Bow and arrow

A modern reconstruction, in fiberglass and wood, of a historical composite bow

The bow and arrow is a ranged weapon system consisting of an elastic launching device (bow) and long-shafted projectiles (arrows).

Archery is the art, practice or skill of using bows to shoot arrows.[1] A person who shoots arrows with a bow is called a bowman or an archer. Someone who makes bows is known as a bowyer,[2] one who makes arrows is a fletcher,[3] and one who manufactures metal arrowheads is an arrowsmith.[4]

The use of bows and arrows by humans for hunting predates recorded history and was common to many prehistoric cultures. They were important weapons of war from ancient history until the early modern period, where they were rendered increasingly obsolete by the development of the more powerful and accurate firearms, and were eventually dropped from warfare. Today, bows and arrows are mostly used for hunting and sports.

Edo Period's Bow and arrow(Japanese Bow)

Basic design and use

Drawing a bow, from a 1908 archery manual

A bow consists of a semi-rigid but elastic arc with a high-tensile bowstring joining the ends of the two limbs of the bow. An arrow is a projectile with a pointed tip and a long shaft with stabilizer fins (fletching) towards the back, with a narrow notch (nock) at the very end to contact the bowstring.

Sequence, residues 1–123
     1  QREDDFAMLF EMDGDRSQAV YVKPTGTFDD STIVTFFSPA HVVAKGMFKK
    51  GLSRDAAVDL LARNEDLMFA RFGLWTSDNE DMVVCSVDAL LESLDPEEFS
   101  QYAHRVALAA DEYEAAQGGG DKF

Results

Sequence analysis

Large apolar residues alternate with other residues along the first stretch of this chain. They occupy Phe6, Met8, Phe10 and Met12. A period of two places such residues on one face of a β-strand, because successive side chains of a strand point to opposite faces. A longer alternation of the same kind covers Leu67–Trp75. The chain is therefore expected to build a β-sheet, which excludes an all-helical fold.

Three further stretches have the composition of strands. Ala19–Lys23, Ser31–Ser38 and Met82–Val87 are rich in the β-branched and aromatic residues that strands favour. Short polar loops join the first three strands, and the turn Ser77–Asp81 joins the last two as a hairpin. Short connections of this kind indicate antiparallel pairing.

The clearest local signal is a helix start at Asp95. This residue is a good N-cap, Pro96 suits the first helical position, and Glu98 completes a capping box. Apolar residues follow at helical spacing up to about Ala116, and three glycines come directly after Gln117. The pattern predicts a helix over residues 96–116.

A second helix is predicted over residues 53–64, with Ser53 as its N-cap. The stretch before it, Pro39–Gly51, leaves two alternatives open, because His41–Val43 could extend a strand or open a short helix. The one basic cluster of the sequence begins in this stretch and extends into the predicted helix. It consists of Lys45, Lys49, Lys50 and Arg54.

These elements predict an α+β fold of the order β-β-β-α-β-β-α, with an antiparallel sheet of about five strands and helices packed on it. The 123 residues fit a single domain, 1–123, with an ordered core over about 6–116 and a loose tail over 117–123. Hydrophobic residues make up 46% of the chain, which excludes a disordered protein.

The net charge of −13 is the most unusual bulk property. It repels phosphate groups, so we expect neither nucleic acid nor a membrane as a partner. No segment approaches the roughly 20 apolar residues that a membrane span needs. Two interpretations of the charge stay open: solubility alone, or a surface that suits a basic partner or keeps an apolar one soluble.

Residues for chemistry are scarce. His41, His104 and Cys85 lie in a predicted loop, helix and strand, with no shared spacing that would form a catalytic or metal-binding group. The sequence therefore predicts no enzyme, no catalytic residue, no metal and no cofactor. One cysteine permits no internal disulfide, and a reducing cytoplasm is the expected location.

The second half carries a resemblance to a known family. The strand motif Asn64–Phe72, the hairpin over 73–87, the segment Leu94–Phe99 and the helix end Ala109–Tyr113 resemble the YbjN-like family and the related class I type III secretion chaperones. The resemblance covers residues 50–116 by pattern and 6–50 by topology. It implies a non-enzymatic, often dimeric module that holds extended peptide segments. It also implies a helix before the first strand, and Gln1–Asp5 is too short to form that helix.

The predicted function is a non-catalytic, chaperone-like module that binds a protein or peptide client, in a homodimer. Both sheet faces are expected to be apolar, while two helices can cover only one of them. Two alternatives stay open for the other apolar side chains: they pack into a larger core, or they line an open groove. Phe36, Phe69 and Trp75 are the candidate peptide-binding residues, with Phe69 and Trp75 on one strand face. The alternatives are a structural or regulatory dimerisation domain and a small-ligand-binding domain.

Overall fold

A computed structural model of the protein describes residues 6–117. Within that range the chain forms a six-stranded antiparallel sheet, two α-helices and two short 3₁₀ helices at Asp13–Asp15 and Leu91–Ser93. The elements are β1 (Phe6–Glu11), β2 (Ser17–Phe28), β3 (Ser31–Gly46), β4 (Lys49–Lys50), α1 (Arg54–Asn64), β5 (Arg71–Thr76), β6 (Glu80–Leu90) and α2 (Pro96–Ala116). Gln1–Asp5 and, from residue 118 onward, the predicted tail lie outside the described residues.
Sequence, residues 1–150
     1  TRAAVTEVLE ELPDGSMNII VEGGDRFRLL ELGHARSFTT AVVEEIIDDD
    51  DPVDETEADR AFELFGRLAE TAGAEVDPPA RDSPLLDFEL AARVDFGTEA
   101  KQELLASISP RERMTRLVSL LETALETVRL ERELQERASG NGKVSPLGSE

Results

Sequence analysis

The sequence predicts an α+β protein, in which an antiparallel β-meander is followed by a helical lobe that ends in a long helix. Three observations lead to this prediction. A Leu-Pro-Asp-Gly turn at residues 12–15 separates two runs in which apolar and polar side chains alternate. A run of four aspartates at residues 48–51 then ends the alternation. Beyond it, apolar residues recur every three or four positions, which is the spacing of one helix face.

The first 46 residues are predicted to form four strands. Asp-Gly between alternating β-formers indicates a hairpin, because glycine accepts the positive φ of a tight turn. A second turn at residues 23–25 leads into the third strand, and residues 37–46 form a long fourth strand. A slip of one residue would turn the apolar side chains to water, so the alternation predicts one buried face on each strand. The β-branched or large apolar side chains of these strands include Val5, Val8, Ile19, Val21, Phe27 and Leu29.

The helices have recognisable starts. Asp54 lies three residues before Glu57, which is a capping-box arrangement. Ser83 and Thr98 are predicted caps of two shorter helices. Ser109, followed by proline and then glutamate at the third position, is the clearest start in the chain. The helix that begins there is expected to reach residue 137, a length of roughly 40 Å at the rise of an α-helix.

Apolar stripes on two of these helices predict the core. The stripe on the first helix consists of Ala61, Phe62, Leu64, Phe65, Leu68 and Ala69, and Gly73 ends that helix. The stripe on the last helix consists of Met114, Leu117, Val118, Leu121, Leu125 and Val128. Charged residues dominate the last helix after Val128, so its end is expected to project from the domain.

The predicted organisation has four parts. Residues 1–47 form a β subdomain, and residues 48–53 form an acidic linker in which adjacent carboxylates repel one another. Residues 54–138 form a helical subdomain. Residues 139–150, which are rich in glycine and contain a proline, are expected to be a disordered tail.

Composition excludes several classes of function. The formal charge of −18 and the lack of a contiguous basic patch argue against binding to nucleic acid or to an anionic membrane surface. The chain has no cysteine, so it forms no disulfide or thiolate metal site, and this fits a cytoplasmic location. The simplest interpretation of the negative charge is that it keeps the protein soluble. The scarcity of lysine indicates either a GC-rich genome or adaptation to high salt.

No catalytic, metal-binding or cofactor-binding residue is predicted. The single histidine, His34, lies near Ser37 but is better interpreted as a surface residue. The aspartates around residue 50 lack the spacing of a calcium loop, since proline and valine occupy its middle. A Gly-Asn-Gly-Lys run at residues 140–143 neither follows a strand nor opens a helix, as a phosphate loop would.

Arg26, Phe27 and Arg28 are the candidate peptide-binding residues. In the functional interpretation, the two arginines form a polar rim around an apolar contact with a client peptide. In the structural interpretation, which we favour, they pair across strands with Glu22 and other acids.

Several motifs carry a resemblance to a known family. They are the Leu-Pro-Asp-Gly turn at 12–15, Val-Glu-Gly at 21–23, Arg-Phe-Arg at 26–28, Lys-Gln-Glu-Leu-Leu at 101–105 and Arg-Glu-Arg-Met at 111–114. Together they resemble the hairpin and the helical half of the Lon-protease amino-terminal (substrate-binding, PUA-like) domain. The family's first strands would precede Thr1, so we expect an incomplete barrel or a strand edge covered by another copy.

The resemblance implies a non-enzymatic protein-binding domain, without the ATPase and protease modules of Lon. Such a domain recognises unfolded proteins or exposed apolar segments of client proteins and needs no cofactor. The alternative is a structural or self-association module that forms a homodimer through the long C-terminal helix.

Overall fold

To load an arrow for shooting (nocking an arrow), the archer places an arrow across the middle of the bow with the bowstring in the arrow's nock. To shoot, the archer pulls back (draws) the arrow, which also pulls the bowstring and flexes the bow limbs, storing elastic energy. Typically, the archer sights along the arrow to aim it. Finally the archer releases (looses) the arrow, allowing the limbs' stored potential energy to convert into kinetic energy, which is transmitted via the bowstring to the arrow, propelling it to fly forward with high velocity.[5]

A container or bag for additional arrows for quick reloading is called a quiver.

When not in use, bows are generally kept unstrung, meaning one or both ends of the bowstring are detached from the bow. This removes all residual tension on the bow, and can help prevent it from losing strength or elasticity over time. For many bow designs, this also lets it straighten out more completely, reducing the space needed to store the bow. Returning the bowstring to its ready-to-use position is called stringing the bow.

Other Languages
বাংলা: তীর-ধনুক
Cymraeg: Bwa saeth
español: Arco y flecha
한국어: 궁시
עברית: חץ וקשת
монгол: Нум (Зэвсэг)
日本語: 弓矢
norsk nynorsk: Pil og boge
Patois: Bou ah haro
português: Arco e flecha
Soomaaliga: Leeb iyo qaanso
српски / srpski: Лук и стрела
Basa Sunda: Panah